Eventually, we arrived at the Gold Coast, unfortunately, I signalled the driver too early and we had to walk a bit along the road. We then went to the beach and walked along that, taking off our shoes for a bit to wade into the nicely cool water. It was quite pleasant.

We then hurried over to catch the hovercraft that we could see from the beach area only to miss it by a few minutes. The next hovercraft was to leave two hours later. Mike, understanding that I wanted to travel on it, agreed to wait around for the next one, which, I suppose, is for the better, considering the weather. We sat in the local McDonald's for about an hour just talking and having a drink. It was very relaxing. Then, we sat outside and looked into the Marina water there at the small fish. Eventually, the ferry arrived and we boarded. The cost was very reasonable at about $21 (HK; $4 CDN) and was very fast, taking about 40 minutes to cover the same distance that on land would take about an hour and a half. This was the first time I had ever been on a hovercraft before. The craft went just like a boat until we were out in the open water then it started the hover process, raising from the surface a fair amount. The trip was very smooth, yes, we were tossed around by the waves a little but not nearly a bad as if we had been in a boat.

The view from the hovercraft was very good, we passed beneath the new bridge to Lantau and saw various areas of the territory we had not seen yet, or from the water. We arrived in Central on Hong Kong Island then proceeded to find a bus to Aberdeen, which was a bit tricky. Eventually, we made it to Aberdeen, only to get off of the bus in such a location that we had to walk around a small foothill to eventually find the ferry to the floating restaurants. We knew that the restaurant was in Aberdeen in the harbour and we knew where the restaurant(s) were as we could see them so we walked to the closest point on shore which, of course, had a free ferry operating to take guests to the restaurants. In the course of walking, we passed through some back areas of Aberdeen, including the shops where they fixed the buses. Not exactly the past place to walk, but this did not stop us.

I guess I could explain a bit about the floating restaurants. There are actually three separate restaurants on three separate barges permanently located in the harbour. Two of them are called the “Jumbo” restaurant and the third is a seafood restaurant called Tai Pak. These restaurants are all joined, and as already indicated, accessible by free ferry. We proceeded to the Jumbo restaurant for supper. The inside is very opulent and very nice, as it's name implies, it was very large but the service was very good. The prices were very…pricey, about $500 (HK; $100 CDN) for supper for the both of us, which included four dishes and a desert (for me, yes, I was hungry). The menu was quite interesting, with a few dishes costing in the area of $500 (HK) per person. The food was quite good. Raymond indicated that this is a very good restaurant for Hong Kong, having traditional (high-end) cuisine. It certainly was that. Throughout our meal, we were entertained by live traditional Chinese entertainers. We joked that we were being charged extra for each singer that we heard so we had better eat quickly (we were still suffering shock from the cost – we were exaggerating, it was not really that expensive).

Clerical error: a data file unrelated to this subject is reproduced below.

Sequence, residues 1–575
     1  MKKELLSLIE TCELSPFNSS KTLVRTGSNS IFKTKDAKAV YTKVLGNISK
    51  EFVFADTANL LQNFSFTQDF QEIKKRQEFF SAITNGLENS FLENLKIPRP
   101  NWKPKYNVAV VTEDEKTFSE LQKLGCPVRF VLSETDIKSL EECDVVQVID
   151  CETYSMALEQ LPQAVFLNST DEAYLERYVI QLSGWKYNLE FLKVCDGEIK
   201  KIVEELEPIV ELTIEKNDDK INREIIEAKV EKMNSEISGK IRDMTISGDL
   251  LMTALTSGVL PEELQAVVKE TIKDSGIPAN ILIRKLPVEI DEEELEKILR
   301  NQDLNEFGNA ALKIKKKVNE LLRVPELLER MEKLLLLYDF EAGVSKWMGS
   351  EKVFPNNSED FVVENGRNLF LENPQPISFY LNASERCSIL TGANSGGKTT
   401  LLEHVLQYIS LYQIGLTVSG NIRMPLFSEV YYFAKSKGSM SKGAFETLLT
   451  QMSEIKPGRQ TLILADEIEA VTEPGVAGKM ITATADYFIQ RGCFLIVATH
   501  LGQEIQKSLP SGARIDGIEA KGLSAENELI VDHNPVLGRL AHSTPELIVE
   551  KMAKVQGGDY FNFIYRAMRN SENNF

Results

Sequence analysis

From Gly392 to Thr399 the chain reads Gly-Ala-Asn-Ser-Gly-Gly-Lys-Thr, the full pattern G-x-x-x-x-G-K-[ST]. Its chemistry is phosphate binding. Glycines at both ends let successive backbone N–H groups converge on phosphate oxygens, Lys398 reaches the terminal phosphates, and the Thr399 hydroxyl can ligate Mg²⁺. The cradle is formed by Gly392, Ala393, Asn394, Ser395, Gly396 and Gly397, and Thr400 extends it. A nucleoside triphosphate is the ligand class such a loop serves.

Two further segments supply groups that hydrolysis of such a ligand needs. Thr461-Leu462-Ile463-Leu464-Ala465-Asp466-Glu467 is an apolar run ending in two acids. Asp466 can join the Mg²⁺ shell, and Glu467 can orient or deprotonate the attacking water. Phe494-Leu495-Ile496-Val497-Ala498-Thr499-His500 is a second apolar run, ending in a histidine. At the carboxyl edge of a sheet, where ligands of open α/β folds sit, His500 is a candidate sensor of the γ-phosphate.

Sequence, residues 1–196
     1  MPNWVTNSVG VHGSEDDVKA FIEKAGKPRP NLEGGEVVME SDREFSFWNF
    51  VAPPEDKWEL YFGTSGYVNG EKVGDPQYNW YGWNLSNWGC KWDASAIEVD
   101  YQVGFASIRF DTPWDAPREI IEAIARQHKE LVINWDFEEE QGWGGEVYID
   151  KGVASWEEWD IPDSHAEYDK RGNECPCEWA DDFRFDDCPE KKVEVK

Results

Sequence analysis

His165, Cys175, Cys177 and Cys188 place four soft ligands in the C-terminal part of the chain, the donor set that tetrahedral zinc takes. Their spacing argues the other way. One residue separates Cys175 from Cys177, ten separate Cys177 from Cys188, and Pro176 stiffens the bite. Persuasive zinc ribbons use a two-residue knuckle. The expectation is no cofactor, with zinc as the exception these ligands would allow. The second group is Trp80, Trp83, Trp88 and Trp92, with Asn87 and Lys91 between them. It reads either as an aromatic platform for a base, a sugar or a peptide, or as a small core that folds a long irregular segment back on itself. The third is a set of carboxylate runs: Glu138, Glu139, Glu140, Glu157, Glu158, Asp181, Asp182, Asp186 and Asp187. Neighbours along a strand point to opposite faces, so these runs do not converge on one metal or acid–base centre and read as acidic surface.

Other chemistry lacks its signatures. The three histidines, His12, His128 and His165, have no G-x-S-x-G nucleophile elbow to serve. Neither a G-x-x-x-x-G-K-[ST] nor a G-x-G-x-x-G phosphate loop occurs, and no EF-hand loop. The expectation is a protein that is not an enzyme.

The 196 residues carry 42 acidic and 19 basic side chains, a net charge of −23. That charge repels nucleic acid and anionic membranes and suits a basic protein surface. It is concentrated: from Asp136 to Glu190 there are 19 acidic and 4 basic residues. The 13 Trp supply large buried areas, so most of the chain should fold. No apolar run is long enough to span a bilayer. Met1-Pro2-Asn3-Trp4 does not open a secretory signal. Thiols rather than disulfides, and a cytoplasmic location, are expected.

Jumbo Restaurant - Aberdeen

The various utensils and plates for the meal were confusing, we continually looked around (ok, I continually looked around) at others to see if we were using the right bowl, the right spoon (for our soup), etc.

After supper, we looked around inside for a bit then walked to each end of the three restaurants, in addition to viewing the live seafood tanks at Jumbo (containing about 33 tons of water and just about every edible seafood item, live, that I could think of, the shrimp and Australian lobster looked wonderful). We also did happen to see a few jelly fish (which we joked looked a lot like the various plastic bags and other garbage also floating around, a jelly fish did not say “Safeway” on the side), as well as a few very small crabs swimming on the surface, and very many small fish.

Leaving the restaurants, we took the ferry that returned us to a location were we could easily catch a bus back to Central, which we did, from there, catching the Star Ferry to Tsim Sha Tsui, from there we walked to the MTR station and then returned back to Sham Shui Po (the whole trip taking about 45 minutes).

Of course, there was the typical trip to the video arcade and then we returned home, at about 11:30 PM tonight. We were, as may be expected, fairly tired.

Raymond was very pleased to hear about the festival and jealous of our trip to the restaurant. He again offered his assistance in planning the trip to Macau which we are planning for tomorrow.

Despite the amount we did today, we did not feel overly tired. Things worked out very well and we had a great time.

⇒ Continue to Wednesday, April 30th, 1997 - Kowloon, Hong Kong